Thursday, October 22, 2020
Home News Worshippers fall off as C of E rides the diversity bandwagon

Worshippers fall off as C of E rides the diversity bandwagon

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The Church of England is planning to use its vast wealth to bully companies to discriminate against men and over-promote women.

In yet further evidence that the church has been co-opted by Leftists to advance their fashionable ‘progressive’ causes, the Church Investors Group (CIG), which represents around £17billion of church-controlled investment assets, the bulk belonging to the C of E, has announced that it will take a tough line on companies which it deems to be appointing board members of the wrong sex. As part of their so-called ‘ethical voting’ policy, CIG members have stated their intention to vote against the re-election of nomination committee chairs where the board has less than 33 per cent female members, and against all directors on the nomination committee where fewer than 25 per cent of directors are women.

We’ve become so used to this sort of nonsense that we easily lose sight of how obscene it is that men are to be discriminated against in 2018 merely because they are men. When did we let go of the basic principle of justice that people should be appointed on the basis of their individual merit and suitability for the role? Has God informed the Church of England of some kind of divinely ordained proportion of women that He requires to sit on company boards? I must have missed that particular angelic visitation.

How many times do we have to spell out the obvious flaws with diversity quotas before people stop using them? Who, after all, says there must be a certain number of men and women in any given job? The fact that humanity is half male and half female tells us nothing about the proportion of men and women who should end up in different positions. What if men and women tend to make different choices, and have different priorities and show differing aptitudes in certain fields? Which they do, of course. If there are fewer women on boards it is because there are fewer qualified to sit on them or putting themselves forward for them. If fewer women work full-time or seek promotion and management responsibility, then fewer will rise to the top. This isn’t complicated. Neither is it a social or moral problem to be addressed with ever more invasive social engineering.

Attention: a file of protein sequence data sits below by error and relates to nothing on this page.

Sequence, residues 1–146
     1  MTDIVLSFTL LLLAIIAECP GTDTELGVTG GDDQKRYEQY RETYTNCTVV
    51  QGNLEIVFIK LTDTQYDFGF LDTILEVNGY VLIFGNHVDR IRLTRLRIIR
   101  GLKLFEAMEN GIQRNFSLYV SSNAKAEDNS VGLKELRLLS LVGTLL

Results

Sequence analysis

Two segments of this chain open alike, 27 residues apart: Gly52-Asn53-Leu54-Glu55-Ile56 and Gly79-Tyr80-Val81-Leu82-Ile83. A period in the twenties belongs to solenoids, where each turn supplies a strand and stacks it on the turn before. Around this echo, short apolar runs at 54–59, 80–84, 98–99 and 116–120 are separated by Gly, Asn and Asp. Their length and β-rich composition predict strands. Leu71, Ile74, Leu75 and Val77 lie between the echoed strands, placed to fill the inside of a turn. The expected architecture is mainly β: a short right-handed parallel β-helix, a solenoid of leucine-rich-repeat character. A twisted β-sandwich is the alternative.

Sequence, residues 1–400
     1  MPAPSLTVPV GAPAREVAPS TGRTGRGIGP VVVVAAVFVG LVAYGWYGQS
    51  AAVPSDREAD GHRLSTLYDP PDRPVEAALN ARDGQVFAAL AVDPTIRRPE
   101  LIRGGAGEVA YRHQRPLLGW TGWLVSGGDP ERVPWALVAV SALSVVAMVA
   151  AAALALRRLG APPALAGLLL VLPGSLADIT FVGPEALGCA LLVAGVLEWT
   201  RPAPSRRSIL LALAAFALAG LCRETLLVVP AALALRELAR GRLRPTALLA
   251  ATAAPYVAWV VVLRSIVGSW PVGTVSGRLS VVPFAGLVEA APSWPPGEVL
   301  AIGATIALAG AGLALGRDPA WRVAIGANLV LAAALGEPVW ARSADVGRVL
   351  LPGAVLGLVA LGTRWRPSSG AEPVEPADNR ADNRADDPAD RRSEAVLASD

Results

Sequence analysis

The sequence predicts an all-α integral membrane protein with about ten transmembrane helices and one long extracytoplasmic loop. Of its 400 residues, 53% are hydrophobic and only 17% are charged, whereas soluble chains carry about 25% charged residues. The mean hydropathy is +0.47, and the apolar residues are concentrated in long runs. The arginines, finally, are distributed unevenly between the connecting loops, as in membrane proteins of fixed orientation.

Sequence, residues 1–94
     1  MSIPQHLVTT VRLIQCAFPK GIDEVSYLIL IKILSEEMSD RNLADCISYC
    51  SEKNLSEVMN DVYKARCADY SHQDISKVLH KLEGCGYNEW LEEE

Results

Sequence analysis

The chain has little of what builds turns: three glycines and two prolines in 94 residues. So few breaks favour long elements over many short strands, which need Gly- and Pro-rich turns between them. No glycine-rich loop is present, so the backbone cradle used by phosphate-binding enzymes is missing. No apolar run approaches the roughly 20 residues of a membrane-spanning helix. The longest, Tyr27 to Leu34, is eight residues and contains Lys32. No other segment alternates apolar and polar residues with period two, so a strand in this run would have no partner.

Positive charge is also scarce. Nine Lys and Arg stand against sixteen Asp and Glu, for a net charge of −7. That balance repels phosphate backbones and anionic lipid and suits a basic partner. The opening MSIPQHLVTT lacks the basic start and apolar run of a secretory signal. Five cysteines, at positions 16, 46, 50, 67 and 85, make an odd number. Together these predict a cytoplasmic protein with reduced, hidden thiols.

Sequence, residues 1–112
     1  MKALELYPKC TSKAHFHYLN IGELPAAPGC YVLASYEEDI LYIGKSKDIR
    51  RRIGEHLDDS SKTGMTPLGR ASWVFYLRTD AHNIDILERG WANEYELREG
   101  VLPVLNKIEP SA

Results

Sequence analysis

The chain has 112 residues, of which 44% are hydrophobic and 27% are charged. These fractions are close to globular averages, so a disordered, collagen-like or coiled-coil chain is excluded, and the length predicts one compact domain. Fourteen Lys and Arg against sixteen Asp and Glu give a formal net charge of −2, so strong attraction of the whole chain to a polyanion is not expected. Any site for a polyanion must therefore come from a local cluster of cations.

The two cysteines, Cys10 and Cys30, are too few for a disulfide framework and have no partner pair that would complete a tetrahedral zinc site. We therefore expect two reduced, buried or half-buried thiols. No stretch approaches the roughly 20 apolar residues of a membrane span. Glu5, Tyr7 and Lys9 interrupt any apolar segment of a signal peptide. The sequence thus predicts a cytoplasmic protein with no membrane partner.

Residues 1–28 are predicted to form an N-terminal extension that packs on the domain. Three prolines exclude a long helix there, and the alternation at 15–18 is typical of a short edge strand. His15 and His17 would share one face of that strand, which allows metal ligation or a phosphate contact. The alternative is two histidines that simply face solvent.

Our conscience as a society must have become even more corrupt than we thought if we now deem it acceptable to pick less qualified women over better qualified men merely to satisfy some abstract mathematical formula cooked up by Leftist identity obsessives. And where will it end? What about other supposedly under-represented identity groups – do we need, like the BBC, to ensure that every company board has the requisite complement of ethnic minorities, LGBT people, disabled people etc? Why on earth should we do that? Under what twisted ethical framework does anyone think that such discriminatory criteria should replace a basic commitment to picking the best person for the job?

Quotas are not just grossly unfair towards the groups they disadvantage – mainly straight white men, of course. They also undermine anyone from a favoured identity group who achieves their position by their own merits, since they will never be able to shake off the suspicion that they are there only because they tick the right boxes. Quotas are highly dysfunctional from an organisational point of view, since they routinely over-promote the under-qualified and place responsibility in the hands of the less competent.

With churches jumping aboard the ‘progressive’ and feminist bandwagons with unseemly enthusiasm, you have to ask whether it is any wonder that it is not so much the wicked patriarchal companies who are leaking patrons, but the very worldly, painfully right-on churches.

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Will Jones
Will Jones
Dr Will Jones is a maths graduate with a PhD in political philosophy and author of Evangelical Social Theology: Past and Present (Grove, 2017).He blogs at https://faith-and-politics.com/

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